- Trauma related to the respiratory system with associated rib or sternum fractures
In epidural anesthesia, a hollow needle is inserted into the epidural space in the spinal cord and a small flexible catheter is then inserted into the space through the hollow needle and is then taped unto the back with injection port, so that the medicine can be delivered when needed.
The procedure should be taken up only after a consent form is obtained from the patient and when proper equipments are available. Prior to performing the block, all equipment should be checked. An intravenous line is mandatory before epidural administration to manage any emergency situation that may arise. The administration should be done under strict aseptic conditions. Different types of techniques, procedures and drugs are available. The choice of the ideal approach is dependent on the surgical need and the discretion of the anesthetist.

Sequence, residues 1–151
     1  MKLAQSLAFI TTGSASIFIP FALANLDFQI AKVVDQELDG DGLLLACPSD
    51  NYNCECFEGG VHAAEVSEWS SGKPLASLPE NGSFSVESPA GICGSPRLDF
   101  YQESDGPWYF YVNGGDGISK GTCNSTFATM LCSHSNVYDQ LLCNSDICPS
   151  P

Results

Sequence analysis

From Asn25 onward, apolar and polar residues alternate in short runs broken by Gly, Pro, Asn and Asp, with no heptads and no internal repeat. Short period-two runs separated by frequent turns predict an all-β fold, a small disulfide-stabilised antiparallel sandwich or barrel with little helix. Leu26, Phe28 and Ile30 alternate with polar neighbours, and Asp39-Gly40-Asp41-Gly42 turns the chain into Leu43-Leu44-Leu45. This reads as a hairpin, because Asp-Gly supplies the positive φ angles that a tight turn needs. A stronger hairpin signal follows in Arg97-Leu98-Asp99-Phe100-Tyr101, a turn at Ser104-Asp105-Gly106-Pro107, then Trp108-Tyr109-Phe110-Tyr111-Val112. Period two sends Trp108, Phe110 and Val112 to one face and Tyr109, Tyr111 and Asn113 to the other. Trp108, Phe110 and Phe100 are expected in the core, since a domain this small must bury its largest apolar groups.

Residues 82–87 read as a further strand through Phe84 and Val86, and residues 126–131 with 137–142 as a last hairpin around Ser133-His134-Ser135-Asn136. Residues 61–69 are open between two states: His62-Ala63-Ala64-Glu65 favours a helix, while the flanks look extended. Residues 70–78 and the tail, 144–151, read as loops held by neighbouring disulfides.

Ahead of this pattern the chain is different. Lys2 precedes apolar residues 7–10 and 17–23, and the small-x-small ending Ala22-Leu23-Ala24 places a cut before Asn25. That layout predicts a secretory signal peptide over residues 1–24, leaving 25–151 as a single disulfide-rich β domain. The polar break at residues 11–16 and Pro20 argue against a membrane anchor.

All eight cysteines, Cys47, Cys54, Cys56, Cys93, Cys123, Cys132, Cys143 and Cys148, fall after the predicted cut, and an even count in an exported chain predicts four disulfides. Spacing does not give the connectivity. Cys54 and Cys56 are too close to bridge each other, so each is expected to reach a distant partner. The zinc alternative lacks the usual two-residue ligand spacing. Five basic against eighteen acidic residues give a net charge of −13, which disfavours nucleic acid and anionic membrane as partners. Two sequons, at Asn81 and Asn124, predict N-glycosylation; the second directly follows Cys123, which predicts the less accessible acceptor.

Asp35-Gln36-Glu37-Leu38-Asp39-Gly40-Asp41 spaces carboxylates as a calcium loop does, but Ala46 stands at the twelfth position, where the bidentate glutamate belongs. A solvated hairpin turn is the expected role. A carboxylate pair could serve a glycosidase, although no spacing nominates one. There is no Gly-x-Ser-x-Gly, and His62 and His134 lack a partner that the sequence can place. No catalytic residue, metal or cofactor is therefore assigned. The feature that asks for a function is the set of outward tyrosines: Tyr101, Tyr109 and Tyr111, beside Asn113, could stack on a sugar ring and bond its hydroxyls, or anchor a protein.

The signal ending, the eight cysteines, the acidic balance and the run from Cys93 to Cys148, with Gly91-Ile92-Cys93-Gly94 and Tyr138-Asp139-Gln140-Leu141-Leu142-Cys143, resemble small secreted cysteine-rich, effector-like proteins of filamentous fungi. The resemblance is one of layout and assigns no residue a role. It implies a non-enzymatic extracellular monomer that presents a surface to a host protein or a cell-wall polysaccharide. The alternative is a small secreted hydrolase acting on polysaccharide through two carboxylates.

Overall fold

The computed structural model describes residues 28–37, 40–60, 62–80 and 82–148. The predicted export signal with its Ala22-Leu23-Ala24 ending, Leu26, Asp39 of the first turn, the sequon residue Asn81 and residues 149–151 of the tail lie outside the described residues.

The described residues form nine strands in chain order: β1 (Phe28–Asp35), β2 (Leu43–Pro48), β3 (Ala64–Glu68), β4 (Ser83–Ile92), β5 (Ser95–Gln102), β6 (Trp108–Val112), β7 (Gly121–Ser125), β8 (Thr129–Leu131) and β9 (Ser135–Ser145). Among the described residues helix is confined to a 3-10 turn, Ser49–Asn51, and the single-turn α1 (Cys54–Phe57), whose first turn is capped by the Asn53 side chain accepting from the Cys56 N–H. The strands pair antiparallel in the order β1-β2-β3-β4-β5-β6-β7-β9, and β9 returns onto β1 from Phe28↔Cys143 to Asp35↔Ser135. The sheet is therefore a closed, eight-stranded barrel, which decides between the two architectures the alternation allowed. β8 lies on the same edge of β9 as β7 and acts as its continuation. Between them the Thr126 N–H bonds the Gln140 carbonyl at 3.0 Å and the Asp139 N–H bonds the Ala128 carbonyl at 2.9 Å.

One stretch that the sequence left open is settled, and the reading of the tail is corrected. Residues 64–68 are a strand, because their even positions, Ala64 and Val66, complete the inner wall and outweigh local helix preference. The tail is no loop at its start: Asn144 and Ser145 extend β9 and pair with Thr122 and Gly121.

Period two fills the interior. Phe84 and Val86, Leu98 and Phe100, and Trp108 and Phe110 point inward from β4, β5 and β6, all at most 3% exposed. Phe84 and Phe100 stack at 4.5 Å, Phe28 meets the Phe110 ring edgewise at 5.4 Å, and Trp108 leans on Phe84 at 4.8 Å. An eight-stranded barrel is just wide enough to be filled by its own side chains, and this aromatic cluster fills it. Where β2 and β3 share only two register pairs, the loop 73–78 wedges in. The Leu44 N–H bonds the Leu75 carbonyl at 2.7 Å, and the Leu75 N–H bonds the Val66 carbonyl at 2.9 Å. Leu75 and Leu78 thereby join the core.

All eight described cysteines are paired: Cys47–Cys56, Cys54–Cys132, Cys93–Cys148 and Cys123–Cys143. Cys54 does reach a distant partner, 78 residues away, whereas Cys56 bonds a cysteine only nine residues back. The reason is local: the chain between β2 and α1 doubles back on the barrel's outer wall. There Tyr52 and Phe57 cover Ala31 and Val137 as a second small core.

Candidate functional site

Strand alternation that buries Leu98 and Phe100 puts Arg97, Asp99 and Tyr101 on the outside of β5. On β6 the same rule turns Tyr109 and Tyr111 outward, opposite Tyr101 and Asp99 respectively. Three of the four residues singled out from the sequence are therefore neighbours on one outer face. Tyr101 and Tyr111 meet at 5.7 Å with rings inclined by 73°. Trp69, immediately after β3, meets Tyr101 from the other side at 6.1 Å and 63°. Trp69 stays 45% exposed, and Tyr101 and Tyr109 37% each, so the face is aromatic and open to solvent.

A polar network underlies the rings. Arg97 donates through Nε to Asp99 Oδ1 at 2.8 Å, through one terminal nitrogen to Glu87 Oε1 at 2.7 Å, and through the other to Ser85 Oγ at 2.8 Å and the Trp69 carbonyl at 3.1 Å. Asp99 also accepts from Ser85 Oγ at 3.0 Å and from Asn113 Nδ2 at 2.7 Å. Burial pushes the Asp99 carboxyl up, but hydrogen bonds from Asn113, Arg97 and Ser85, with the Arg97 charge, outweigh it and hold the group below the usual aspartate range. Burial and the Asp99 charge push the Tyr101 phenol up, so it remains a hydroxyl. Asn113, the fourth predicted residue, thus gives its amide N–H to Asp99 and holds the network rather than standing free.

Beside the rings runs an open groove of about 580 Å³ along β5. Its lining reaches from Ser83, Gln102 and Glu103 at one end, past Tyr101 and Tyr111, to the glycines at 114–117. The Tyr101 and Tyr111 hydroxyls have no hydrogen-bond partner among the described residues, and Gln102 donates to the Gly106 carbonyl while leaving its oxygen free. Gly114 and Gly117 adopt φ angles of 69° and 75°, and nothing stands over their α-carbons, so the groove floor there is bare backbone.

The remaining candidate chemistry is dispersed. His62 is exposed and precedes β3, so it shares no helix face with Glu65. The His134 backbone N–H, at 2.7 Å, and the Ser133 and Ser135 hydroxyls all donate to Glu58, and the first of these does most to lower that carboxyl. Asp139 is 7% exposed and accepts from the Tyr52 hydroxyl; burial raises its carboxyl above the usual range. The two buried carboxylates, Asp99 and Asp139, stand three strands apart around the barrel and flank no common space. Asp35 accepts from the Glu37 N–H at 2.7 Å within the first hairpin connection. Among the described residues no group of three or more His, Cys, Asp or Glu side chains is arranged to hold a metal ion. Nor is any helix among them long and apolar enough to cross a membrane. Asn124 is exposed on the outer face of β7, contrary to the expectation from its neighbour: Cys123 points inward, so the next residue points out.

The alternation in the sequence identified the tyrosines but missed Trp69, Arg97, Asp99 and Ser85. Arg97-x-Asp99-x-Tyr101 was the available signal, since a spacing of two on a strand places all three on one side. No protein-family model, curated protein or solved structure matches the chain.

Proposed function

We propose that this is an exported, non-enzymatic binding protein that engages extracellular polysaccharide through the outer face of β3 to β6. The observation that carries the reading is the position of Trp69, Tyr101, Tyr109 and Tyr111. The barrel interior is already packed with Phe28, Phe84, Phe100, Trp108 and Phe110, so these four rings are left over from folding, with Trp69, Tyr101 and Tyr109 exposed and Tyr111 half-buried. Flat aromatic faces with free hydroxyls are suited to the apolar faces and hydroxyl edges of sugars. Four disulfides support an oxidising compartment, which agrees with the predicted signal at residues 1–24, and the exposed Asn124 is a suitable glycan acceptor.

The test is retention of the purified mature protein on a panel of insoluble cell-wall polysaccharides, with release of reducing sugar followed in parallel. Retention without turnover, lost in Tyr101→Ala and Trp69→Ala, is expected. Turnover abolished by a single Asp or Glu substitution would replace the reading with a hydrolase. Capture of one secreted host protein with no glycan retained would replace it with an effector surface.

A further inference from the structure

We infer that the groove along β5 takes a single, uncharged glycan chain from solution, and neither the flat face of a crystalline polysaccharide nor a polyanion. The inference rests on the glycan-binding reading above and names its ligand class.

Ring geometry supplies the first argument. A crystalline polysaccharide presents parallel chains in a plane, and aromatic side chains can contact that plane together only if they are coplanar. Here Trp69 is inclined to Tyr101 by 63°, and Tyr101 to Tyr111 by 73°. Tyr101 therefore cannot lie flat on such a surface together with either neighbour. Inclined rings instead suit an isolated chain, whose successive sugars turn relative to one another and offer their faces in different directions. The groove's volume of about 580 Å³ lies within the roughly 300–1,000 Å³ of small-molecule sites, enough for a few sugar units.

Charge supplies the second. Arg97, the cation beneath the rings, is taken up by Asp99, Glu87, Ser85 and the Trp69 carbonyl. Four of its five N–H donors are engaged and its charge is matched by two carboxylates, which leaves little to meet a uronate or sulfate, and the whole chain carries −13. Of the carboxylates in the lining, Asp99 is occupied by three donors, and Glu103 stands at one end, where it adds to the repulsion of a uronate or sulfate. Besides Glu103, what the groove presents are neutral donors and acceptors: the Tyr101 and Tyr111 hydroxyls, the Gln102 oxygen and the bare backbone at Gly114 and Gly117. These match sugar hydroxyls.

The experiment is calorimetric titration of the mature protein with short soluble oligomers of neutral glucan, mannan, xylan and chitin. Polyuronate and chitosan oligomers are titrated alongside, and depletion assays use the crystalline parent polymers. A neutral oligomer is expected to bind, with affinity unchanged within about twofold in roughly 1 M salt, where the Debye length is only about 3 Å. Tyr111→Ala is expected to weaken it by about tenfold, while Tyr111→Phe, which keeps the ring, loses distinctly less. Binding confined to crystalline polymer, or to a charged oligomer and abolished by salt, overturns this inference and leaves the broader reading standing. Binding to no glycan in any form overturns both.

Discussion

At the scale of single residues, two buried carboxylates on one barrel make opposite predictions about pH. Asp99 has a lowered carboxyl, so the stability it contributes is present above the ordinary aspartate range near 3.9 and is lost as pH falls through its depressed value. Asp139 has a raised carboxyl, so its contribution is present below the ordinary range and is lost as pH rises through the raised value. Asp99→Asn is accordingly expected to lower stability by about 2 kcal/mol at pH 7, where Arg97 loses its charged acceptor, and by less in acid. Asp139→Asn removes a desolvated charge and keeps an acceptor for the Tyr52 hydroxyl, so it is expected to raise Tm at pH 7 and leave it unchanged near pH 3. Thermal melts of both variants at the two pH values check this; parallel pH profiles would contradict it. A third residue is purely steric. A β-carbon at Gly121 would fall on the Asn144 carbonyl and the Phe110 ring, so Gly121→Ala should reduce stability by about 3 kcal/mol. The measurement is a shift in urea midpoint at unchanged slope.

Continous or prolonged pain relief can be provided, unlike spinal anesthesia which lasts only for 2-3 hours.
- Nausea, sensory loss, difficulty in breathing
- Toxicity manifested by light-headedness, tinnitus, numbness, feeling of anxiety, confusion, tremor, convulsions, coma and cardio-respiratory arrest
- Total spinal anesthesia is a rare complication manifested by profound hypotension, apnea, unconsciousness and dilated pupils
- Patient refusal for surgery, uncooperative patients
- Abnormal bleeding or clotting parameters, anti-coagulant therapy
- Skin infection at/near injection site
- Uncorrected fluid loss (hypovolemia)
- Presence of neurological disorders, cardiovascular disease
- Anatomical abnormalities of the vertebral column
Latest Publications and Research on Spinal and Epidural AnesthesiaTreating Low Back Pain in Failed Back Surgery Patients with Multicolumn-lead Spinal Cord Stimulation. - Published by PubMed
Spinal/epidural block as an alternative to general anesthesia for laparoscopic appendectomy: a prospective randomized clinical study. - Published by PubMed
Glossopharyngeal (IXth) cranial nerve palsy associated with postural change after accidental dural puncture. - Published by PubMed
Comparing the 30-Day Risk of Venous Thromboembolism and Bleeding in Simultaneous Bilateral vs Unilateral Total Knee Arthroplasty. - Published by PubMed
Comparison of Epidural Analgesia Using 0.2% Bupivacaine and 0.2% Ropivacaine for the Management of Postoperative Pain in Major Orthopedic Surgery. - Published by PubMed